In general, "satellite" and bookshelf speakers should be set to "small." Floor-standing speakers should be set to "medium" or "large" depending on their ability to accurately reproduce deeper bass. At the same time this option is set, the frequency of the subwoofer's bass reproduction should also be set. If, for example, you have small bookshelf speakers you have set to "small", you should set your subwoofer to 100-120 Hz. If you have big speakers set to the "large" setting, you should set the subwoofer lower (i.e. 50-80 Hz).
The correct settings on both the receiver and subwoofer will allow the subwoofer to pick up the bass where the speaker leaves off; creating a smooth transition that reduces boominess at frequencies both the subwoofer and the speaker are delivering. The correct settings are best obtained after experimentation yields the best sound to your ears.
Where is the best place to put surround speakers?
Surround speakers are generally designed to be placed on either side of the main listening position, approximately 5-7 feet above the floor. They should be mounted on a wall or positioned on a stand with some space on either side of the speaker (this is especially needed with bipole and dipole speakers which need wall-reflected sounds for maximum effect).
Klipsch WDST™ surround speakers offer more flexibility in that if side walls are not available, a rear wall or even a combination of a rear and side wall may be used to create excellent surround effects.
What are the different types of surround speakers available and what are the differences?
There are three "common" types of surround speakers available today plus some unique types created by different speaker manufacturers.
"Monopole" speakers consist of a speaker or group of speakers all firing on the same plane in the same direction. This includes the vast majority of all speakers made. What people think of as "normal speakers" are termed Monopole. With regard to current surround sound formats, monopole speakers are the least desirable because they are the least effective in creating an "enveloping sound field" (ambience). They are good at localization, but that alone is not enough to produce the desired surround effect.
If you take a monopole speaker and add another speaker placed 180 degrees opposite of it (i.e. back to back) firing in the same phase, you have a "bipole" speaker. Firing in phase means all drivers on both sides are at the same excursion point at the same time. This creates the exact same sounds coming from both sides of the speaker at the same time. By design, Bipole speakers send no sound directly toward the listener. A bipole speaker will produce good "ambience" as all the sound is reflected off the walls of the room, but is not effective in producing "localized" sounds.
If you take the basic design of a bipole speaker with the rear facing drivers firing exactly opposite of the front, you have a "dipole" speaker. Dipole speakers produce a very diffuse sound, which is good for ambience, but, like bipoles, are not very effective at localization. Dipole design further reduces direct sound to the listening position.
Both bipole and dipole speakers should be mounted on the sides of the listening position and use reflected sound off of the walls to produce their effects. So if monopoles can offer localization but not enveloping ambience, and bi-pole/dipole speakers deliver ambience without localization, what can provide both important characteristics at the same time?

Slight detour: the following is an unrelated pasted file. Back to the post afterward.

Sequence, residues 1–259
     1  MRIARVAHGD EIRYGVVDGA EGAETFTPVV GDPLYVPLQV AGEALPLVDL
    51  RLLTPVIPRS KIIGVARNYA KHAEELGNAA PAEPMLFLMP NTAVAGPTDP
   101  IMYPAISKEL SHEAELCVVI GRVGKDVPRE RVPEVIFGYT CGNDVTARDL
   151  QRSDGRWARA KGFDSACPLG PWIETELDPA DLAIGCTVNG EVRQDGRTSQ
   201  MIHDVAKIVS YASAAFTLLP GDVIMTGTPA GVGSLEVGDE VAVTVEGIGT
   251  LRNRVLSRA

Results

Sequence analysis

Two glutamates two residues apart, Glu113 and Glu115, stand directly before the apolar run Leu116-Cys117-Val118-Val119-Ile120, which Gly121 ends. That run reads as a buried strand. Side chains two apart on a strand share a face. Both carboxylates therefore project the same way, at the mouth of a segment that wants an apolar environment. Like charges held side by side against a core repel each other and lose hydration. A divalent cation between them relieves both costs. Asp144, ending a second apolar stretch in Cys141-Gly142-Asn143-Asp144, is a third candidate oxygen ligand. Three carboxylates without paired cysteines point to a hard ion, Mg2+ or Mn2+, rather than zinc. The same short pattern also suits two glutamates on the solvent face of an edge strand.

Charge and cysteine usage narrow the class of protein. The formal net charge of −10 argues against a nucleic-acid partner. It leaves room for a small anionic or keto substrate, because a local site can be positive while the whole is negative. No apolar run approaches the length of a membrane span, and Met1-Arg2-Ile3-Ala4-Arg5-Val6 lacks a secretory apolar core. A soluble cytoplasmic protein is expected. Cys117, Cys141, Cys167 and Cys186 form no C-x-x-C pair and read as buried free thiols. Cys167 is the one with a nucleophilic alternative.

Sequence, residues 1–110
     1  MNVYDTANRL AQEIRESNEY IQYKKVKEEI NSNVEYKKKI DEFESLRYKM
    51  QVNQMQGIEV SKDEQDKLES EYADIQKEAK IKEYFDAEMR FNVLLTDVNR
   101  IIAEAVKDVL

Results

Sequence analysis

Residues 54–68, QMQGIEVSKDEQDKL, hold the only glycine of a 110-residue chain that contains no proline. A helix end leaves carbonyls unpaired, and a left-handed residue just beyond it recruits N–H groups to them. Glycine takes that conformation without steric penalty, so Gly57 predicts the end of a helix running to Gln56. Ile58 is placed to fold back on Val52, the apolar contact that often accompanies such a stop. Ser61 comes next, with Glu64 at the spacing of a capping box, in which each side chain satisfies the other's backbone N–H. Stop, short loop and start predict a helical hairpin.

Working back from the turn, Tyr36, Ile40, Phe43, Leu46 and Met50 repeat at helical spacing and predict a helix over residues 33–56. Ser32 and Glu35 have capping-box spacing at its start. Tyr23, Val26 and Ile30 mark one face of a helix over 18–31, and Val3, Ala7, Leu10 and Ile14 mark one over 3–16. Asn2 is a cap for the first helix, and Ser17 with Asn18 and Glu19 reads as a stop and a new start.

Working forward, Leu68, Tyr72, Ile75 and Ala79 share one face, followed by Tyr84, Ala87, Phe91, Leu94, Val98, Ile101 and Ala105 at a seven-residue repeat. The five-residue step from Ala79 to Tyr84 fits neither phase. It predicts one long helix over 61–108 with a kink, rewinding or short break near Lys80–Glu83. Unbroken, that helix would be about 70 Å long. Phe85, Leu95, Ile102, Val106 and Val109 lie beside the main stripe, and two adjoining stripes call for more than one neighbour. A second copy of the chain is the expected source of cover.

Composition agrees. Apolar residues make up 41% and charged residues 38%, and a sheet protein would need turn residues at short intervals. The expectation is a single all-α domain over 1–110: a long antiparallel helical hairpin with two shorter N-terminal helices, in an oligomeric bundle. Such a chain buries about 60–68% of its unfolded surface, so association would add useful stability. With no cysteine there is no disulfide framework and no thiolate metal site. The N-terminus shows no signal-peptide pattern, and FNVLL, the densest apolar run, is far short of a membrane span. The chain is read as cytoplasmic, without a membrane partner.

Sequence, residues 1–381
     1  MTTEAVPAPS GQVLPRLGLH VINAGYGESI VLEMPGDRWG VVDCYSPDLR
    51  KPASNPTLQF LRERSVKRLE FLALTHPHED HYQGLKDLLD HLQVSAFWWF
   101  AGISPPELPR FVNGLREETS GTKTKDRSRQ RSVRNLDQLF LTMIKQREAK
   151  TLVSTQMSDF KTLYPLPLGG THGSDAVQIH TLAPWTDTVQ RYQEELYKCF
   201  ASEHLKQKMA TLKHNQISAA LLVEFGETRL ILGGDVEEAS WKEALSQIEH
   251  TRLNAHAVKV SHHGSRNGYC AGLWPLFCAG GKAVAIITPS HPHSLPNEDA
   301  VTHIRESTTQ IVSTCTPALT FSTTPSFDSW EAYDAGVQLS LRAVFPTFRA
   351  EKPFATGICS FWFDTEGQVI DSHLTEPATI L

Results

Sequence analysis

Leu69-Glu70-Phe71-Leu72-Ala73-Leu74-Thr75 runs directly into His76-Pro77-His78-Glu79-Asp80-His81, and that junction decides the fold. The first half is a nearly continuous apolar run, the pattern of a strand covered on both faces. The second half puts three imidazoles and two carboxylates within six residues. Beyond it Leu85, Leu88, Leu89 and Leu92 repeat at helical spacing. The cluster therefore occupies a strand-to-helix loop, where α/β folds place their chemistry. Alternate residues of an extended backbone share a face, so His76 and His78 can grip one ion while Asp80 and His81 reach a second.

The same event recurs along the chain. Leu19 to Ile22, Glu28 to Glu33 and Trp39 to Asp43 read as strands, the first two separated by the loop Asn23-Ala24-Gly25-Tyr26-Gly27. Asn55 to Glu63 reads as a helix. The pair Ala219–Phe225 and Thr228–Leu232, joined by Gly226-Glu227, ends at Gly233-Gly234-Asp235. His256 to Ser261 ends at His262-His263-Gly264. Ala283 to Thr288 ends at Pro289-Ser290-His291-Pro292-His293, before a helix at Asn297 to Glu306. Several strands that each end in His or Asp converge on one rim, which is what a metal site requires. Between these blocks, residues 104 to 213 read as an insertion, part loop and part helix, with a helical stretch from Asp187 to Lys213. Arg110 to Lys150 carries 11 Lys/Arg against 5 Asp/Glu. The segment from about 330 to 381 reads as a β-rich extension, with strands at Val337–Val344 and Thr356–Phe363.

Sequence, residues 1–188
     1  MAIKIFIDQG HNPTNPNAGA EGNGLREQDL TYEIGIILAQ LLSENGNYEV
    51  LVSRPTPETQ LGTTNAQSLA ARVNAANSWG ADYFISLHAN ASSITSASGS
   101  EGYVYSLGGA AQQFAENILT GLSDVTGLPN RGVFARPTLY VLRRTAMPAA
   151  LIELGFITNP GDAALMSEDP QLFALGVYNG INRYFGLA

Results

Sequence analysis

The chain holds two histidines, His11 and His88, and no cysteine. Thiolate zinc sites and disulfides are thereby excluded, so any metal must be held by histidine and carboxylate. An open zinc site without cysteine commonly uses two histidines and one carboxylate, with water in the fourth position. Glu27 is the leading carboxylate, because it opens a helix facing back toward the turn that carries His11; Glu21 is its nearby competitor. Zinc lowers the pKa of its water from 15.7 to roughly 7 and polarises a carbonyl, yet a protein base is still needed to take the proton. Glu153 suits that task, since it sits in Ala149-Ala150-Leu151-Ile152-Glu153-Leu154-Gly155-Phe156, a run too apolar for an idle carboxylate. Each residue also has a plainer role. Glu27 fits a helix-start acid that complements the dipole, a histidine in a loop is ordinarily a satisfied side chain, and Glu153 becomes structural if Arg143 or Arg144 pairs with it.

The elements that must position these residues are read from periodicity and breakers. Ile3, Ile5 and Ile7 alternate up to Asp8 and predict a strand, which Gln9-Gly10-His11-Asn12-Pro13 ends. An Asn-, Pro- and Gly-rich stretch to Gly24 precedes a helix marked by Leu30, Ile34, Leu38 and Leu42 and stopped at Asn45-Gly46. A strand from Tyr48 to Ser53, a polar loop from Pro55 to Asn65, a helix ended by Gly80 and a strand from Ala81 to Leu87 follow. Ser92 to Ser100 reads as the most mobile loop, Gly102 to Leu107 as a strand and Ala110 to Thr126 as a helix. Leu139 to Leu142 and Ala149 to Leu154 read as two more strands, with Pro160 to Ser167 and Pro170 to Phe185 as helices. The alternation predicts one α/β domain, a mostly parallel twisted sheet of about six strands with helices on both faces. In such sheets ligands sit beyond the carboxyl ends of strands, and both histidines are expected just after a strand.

Klipsch produces a unique surround speaker that utilizes a technology called Wide Dispersion Surround Technology (WDST™). Each WDST™ enabled speaker contains two Tractrix® Horn drivers and a woofer. Each horn covers a 90-degree arc and the combination of the two covers a full 180 degrees. This coverage gives excellent ambiance without having to use the walls to reflect sound. The controlled pattern of each horn (what we call "controlled directivity") leads to excellent localization of sounds because there is sound directed at the listening position, regardless of where in the room you are seated. And because the WDST™ surround speaker does not rely on wall reflections, it can be mounted in many different places in a room, leading to greater flexibility with placement. It is rare to have perfect side-wall positions available due to the placement of doors, drapes, furniture and such. WDST™ design delivers enveloping ambience WITH localization for the ideal surround sound result AND gives you the flexibility of placement to solve room design problems.
I’m experiencing a humming or buzzing noise. What should I check?
This could be a ground loop hum/buzz or possibly a transformer hum through the speakers. In fact, large subwoofer transformers are more susceptible to a slight hum noise.
A speaker hum at your listening location is never normal. To determine if the sub amp is functioning correctly, the best thing to do is disconnect all of the connection inputs going into the subwoofer. Keeping the subwoofer plugged into the AC outlet, turn it on; if the hum still exists, there may be a ground loop issue or a problem in the sub amplifier. In that case, the amp should be serviced or replaced. If there is no hum at that point, the issue might involve the preamp or another ‘upstream’ source component. Some common causes of a ground loop hum are cable TV connections, digital recorders or satellite dish receivers.